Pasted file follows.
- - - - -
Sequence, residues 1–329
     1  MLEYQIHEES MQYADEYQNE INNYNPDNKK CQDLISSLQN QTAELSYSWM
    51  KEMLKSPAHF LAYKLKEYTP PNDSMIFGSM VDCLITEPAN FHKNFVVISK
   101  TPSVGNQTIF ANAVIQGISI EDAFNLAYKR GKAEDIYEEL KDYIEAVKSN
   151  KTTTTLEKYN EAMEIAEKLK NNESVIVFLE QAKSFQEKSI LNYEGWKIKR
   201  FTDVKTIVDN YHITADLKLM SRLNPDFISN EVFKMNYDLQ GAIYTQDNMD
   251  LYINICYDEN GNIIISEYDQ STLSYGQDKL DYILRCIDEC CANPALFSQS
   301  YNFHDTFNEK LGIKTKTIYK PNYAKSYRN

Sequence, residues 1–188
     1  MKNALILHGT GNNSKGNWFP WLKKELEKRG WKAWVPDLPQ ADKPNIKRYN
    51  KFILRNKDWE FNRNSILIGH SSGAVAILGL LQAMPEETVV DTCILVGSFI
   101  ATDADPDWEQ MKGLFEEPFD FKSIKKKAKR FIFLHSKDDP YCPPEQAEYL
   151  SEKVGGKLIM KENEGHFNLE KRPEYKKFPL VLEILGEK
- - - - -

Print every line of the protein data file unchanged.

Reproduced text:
Sequence, residues 1–329
     1  MLEYQIHEES MQYADEYQNE INNYNPDNKK CQDLISSLQN QTAELSYSWM
    51  KEMLKSPAHF LAYKLKEYTP PNDSMIFGSM VDCLITEPAN FHKNFVVISK
   101  TPSVGNQTIF ANAVIQGISI EDAFNLAYKR GKAEDIYEEL KDYIEAVKSN
   151  KTTTTLEKYN EAMEIAEKLK NNESVIVFLE QAKSFQEKSI LNYEGWKIKR
   201  FTDVKTIVDN YHITADLKLM SRLNPDFISN EVFKMNYDLQ GAIYTQDNMD
   251  LYINICYDEN GNIIISEYDQ STLSYGQDKL DYILRCIDEC CANPALFSQS
   301  YNFHDTFNEK LGIKTKTIYK PNYAKSYRN

Sequence, residues 1–188
     1  MKNALILHGT GNNSKGNWFP WLKKELEKRG WKAWVPDLPQ ADKPNIKRYN
    51  KFILRNKDWE FNRNSILIGH SSGAVAILGL LQAMPEETVV DTCILVGSFI
   101  ATDADPDWEQ MKGLFEEPFD FKSIKKKAKR FIFLHSKDDP YCPPEQAEYL
   151  SEKVGGKLIM KENEGHFNLE KRPEYKKFPL VLEILGEK